Netflix and Disney: A marriage

by Colin McGuire. 0 Comments

Just when you think December is reserved for nothing more than gifts, celebrations, half-done work and family members you haven’t seen since 2006, Netflix up and lands a deal with one of the most profitable entertainment entities in the universe. From The Associated Press …

“Netflix’s Internet video service has landed the U.S. rights to show Disney movies shortly after they leave theaters, a coup that could turn into a costly mistake if the deal doesn’t bring in more customers,” the news outlet’s Michael Liedtke wrote Tuesday. “The multiyear licensing agreement announced Tuesday represents a breakthrough for Netflix as it tries to secure more exclusive programming for a popular service that streams video over high-speed Internet connections. The approach is making Netflix more like traditional pay-TV channels such as HBO, Starz and Showtime.”

Wow. Who knew the Internet television world could provide such bombshells during such a lackadaisical time?! What’s next? Temperatures reaching 70 degrees in December?!

Blasphemy.

Anyway, the details are as such: Netflix will pay Disney more than $350 million annually for the rights to a mouse with large ears. The biggest impact of the move will essentially fall on neither of the two companies at hand — that honor goes to Starz, of all things, because the channel failed to re-up with good, old Walt, and it turns out, the whole exclusive element of this thing sort of gets in the way of other companies’ abilities to showcase Snow White and all her adorable dwarfs. Naturally, this made very rich people happy as Netflix’s stock rose 14 percent at the end of the day Tuesday. Starz, on the other hand, saw its value become dwarfed (see what I did there!?) by five percent. Hey, at least you still have “Boss,” right guys?

Ooops. My bad.

The juicy stuff comes when you dissect how Starz was one of the main components of Netflix’s ability to get into instant streaming in the first place. On that end, it kind of feels like a backstabbing, ruthless business decision that is making some trust-funded 30-somethings drink cheap vodka tonight in a dark room while lighting fire to red envelopes. Outside of that … boy, Netflix landed a heck of a coup.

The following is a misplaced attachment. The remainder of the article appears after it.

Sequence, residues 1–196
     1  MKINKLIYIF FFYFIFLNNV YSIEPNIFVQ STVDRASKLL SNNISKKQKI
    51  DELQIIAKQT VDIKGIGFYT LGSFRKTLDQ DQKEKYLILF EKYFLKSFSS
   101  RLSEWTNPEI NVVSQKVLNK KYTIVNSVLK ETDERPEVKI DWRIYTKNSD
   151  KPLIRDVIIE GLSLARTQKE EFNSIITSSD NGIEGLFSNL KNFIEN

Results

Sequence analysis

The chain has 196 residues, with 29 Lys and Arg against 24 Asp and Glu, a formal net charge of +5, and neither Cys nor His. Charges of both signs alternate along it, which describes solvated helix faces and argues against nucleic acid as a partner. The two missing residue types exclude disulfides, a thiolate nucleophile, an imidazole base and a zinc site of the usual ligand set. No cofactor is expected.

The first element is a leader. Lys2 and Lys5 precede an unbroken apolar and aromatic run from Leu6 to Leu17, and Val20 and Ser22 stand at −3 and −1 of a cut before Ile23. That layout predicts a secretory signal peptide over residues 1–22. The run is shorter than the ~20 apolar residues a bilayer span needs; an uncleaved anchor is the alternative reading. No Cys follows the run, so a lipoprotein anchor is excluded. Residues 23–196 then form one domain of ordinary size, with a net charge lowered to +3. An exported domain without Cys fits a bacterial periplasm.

As Liedtke points out, this is the first time that one of Hollywood’s major studios has sold its first-run rights to Netflix. DreamWorks had a similar deal in place, but let’s face it — DreamWorks ain’t Disney. Plus, that whole ordeal doesn’t go into effect until next year, and there isn’t a $5 movie bin in the world that doesn’t carry “Almost Famous” and “Catch Me If You Can,” anyway. So, as far as DreamWorks goes … well, yeah.

Brooks Barnes of The New York Times took a second to break it down the other day. And because he presumably makes $93 trillion dollars a year at the most influential newspaper on the planet, let’s see what he had to say …

“The agreement is the first time one of Hollywood’s big studios has chosen Web streaming over pay television,” he wrote. “Netflix has made similar ‘output’ deals with smaller movie suppliers like DreamWorks Animation and the Weinstein Company. But all of the majors — Disney, Paramount, Universal, Warner Brothers, Sony and 20th Century Fox — have stayed with Starz, HBO or Showtime until now.”

He goes on to point out that Starz will still have Sony, but, as we all know, that’s kind of like expecting a 1990s Chicago Bulls team to win a championship during the years Michael Jordan wanted to go play Mickey Mantle. “They shouldn’t worry,” hockey fans said. “They still have Scottie Pippen.”

Taking the basketball analogy even further, the move is a slam dunk for Netflix. Or, well kind of, at least. The problem, of course, is that this is an awfully expensive venture. The company is going to need more customers, moving forward, if the minds behind it don’t want this to blow up in their faces. As it goes, the Red Envelope Machine reported 21.5 million streaming subscribers through September of last year, while that number climbed to 25.1 million through September of this year. They are going to need to see that figure climb by this time next year, and that increase is going to have to be substantial in order to justify this move. Or, in other words, you can’t average a double-double if you are making triple-double money.

OK. I’m out of basketball analogies now.

“These costs are going to sink Netflix,” Wedbush Securities’ Michael Pachter said in what I’m going to guess was a grumpy tone. The subscribers won’t offset the gigantic fee, he said while setting fire to a copy of “The Lion King” on DVD. Sell your stock now, he insisted, or Simba dies.

That may be, but annoyed cynics notwithstanding, you can’t deny one thing: This is probably the biggest development in the history of Netflix (cough, Qwikster, cough), a company that happens to be the most popular and successful streaming service throughout all the land. That in mind, this can also be described as one of the five most important pieces of news the young world of Internet television has ever heard. Detract the deal all you want, but at least somebody is making moves to try and forward the medium. And even if it proves to be a colossal failure, at least this niche can look back and say that something colossal was even considered.

Or, in other words, simply getting in the game in the first place can sometimes mean so much more than air-balling your only three shot attempts of the night.

OK. Seriously. Completely out of basketball analogies now.

Specific financial details of the entire thing, as one may guess, are currently unknown.

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